the faucet handle and then... everywhere else. The Centers For Disease
Control say that the most effective thing we all can do to prevent ourselves
from getting sick is to properly wash our hands. Proper hand washing and
safe food handling practices are the cornerstone of any healthy kitchen, so
having an automatic faucet to control the hot/cold water and the garbage disposal without
spreading germs on the faucet handle(s) or the disposal switch can make the
kitchen sink a germ fighting super-hero instead of a prime suspect in making
your family sick.
Healthy cooking can be a lot of work, with any fresh meat or vegetable,
effective cleaning and preparation requires clean water. Also, preparing
these things can be a bit messy, so we usually either fill up the sink or a
pot to do washing/rinsing in, which can get dirty quickly leading to a
contamination problem, or, some people leave the faucet on while they
prepare the food and rinse their hands, that wastes a lot of water. Some
people get good at using the back of their hand or their elbow to turn on
the faucet, that prevents spreading until the second time you have to do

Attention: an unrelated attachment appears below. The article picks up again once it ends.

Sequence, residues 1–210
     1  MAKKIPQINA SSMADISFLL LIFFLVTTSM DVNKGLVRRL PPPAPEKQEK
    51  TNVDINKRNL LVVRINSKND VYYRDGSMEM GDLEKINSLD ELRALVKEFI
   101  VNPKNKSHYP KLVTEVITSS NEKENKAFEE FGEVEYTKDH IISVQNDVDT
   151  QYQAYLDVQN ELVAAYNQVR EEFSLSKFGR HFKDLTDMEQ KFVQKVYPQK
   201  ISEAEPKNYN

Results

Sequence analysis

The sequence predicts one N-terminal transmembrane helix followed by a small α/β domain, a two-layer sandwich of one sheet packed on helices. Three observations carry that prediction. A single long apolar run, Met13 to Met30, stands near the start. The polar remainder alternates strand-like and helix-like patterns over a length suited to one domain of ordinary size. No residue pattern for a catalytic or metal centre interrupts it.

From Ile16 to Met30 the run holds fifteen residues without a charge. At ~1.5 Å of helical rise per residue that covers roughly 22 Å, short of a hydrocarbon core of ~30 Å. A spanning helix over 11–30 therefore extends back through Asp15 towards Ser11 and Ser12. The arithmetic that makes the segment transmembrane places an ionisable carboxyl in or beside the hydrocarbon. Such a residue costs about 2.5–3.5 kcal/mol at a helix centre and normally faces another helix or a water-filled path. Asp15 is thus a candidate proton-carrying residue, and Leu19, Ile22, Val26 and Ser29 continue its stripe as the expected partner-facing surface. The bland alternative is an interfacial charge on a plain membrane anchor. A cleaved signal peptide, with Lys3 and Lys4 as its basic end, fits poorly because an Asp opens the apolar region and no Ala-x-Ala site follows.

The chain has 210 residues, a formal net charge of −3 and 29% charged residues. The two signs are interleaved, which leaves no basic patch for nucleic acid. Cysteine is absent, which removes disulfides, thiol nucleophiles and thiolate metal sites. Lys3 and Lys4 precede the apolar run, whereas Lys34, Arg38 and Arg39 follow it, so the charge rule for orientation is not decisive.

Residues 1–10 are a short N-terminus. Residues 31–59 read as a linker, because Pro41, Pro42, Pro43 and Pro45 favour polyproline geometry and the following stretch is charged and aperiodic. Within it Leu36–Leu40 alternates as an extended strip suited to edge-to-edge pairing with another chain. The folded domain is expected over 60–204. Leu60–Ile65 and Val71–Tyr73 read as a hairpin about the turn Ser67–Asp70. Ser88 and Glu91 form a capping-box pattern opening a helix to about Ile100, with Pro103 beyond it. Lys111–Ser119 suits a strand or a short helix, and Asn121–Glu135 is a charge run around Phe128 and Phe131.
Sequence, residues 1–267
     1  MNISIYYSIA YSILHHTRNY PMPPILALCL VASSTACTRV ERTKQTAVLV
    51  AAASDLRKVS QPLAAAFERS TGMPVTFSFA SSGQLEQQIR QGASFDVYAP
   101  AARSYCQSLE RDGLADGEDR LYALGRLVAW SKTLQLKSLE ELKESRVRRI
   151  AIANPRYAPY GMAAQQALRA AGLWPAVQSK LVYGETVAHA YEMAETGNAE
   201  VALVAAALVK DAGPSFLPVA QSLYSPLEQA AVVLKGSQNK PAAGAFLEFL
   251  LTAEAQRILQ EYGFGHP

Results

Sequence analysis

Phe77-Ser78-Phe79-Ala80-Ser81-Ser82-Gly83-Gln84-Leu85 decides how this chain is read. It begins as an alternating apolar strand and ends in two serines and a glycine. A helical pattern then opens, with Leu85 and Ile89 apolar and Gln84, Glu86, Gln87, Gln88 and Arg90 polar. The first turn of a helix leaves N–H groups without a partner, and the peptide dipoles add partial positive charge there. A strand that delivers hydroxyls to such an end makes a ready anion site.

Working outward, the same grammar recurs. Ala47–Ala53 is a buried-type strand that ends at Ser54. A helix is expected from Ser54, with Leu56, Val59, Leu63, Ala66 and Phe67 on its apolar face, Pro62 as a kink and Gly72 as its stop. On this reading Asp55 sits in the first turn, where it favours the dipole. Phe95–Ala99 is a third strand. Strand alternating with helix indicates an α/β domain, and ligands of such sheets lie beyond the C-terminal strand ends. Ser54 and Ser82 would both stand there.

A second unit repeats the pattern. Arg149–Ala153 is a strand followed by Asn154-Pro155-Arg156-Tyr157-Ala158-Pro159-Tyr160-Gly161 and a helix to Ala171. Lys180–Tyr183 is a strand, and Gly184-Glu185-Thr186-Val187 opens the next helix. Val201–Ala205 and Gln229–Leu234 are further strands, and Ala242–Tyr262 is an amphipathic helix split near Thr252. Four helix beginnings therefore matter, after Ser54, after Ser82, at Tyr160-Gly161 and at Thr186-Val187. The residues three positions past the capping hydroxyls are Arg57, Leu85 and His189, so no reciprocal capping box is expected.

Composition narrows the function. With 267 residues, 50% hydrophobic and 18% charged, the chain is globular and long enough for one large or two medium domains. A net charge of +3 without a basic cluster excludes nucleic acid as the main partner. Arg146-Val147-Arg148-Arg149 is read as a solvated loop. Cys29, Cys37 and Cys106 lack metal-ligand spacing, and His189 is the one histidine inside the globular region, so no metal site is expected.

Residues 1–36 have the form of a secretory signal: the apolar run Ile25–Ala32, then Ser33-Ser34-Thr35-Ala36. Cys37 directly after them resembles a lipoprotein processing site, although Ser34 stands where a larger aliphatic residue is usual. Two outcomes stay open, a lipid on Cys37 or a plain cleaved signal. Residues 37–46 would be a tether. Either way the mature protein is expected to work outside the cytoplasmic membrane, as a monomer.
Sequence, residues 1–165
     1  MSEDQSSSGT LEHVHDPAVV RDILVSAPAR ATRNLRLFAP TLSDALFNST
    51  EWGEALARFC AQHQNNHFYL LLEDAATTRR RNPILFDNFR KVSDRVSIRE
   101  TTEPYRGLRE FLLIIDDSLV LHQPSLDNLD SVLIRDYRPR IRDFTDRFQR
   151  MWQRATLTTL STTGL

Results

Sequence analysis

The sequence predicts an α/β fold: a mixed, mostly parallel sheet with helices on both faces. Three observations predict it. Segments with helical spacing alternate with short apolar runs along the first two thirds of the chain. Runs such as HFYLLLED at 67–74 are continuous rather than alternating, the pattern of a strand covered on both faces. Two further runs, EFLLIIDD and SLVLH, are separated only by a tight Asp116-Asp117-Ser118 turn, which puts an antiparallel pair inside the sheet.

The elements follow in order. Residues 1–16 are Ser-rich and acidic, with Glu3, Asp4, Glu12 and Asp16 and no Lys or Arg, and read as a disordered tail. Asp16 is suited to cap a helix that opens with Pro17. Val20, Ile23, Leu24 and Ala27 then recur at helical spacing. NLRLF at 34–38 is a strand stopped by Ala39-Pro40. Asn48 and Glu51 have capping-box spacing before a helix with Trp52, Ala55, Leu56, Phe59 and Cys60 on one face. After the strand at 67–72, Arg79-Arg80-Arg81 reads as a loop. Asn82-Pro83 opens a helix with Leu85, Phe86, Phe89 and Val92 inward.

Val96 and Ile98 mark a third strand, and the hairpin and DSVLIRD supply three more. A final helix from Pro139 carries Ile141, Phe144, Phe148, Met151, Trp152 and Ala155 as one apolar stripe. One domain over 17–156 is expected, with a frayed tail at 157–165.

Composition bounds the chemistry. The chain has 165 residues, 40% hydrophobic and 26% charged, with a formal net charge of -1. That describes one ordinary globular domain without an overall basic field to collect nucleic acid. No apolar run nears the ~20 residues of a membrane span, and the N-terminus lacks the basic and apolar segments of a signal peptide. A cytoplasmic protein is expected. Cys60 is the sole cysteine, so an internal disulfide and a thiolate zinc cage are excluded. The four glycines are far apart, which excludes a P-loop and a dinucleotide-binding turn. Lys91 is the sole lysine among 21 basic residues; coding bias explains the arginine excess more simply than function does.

it... Even if
you leave the faucet on, if you have a sink full of something that you want
to wash down the garbage disposal, you have to either wash off (and dry to
avoid electrocution) your hands to turn on the garbage disposal, or get the
switch dirty, contaminating it, and risking a less than pleasant ZAP. Using
your foot to control the water flow and garbage disposal makes preparing
healthy food easier and stops cross-contamination while saving water.
According to the Centers for Disease Control - Food
Safety Division. "Many people do not think about food safety until a
food-related illness affects them or a family member. While the food supply
in the United States is one of the safest in the world, CDC estimates that
76 million people get sick, more than 300,000 are hospitalized, and 5,000